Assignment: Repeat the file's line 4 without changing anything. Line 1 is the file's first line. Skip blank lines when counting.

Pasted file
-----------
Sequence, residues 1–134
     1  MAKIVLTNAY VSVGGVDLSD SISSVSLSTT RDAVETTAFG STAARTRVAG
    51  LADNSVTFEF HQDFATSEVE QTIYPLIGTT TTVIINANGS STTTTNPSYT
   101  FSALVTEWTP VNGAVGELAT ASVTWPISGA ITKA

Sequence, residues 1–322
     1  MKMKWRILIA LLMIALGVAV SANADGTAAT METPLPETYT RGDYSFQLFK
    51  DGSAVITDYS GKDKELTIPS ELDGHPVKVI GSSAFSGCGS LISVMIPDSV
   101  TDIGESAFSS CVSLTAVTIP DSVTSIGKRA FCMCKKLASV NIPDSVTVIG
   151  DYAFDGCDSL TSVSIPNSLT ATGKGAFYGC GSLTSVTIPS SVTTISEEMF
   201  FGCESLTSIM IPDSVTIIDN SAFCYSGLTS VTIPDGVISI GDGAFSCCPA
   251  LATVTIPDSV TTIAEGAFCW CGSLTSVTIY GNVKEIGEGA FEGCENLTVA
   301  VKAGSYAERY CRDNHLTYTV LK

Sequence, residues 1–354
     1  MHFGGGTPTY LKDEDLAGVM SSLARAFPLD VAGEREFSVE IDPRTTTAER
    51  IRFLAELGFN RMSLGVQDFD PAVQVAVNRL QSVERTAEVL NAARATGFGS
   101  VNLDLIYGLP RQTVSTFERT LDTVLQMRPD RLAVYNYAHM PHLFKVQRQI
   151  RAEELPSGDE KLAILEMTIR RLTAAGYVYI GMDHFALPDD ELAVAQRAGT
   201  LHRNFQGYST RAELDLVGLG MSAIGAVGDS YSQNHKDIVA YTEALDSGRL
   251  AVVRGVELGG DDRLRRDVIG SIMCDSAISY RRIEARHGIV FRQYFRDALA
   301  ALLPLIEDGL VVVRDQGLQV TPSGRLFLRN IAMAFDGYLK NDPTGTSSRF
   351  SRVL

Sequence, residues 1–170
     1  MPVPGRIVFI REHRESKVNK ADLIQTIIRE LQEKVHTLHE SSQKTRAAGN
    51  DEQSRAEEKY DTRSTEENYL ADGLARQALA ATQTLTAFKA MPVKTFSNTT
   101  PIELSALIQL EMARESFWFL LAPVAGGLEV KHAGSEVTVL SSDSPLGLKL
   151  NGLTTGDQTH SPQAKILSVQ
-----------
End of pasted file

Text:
   101  FSALVTEWTP VNGAVGELAT ASVTWPISGA ITKA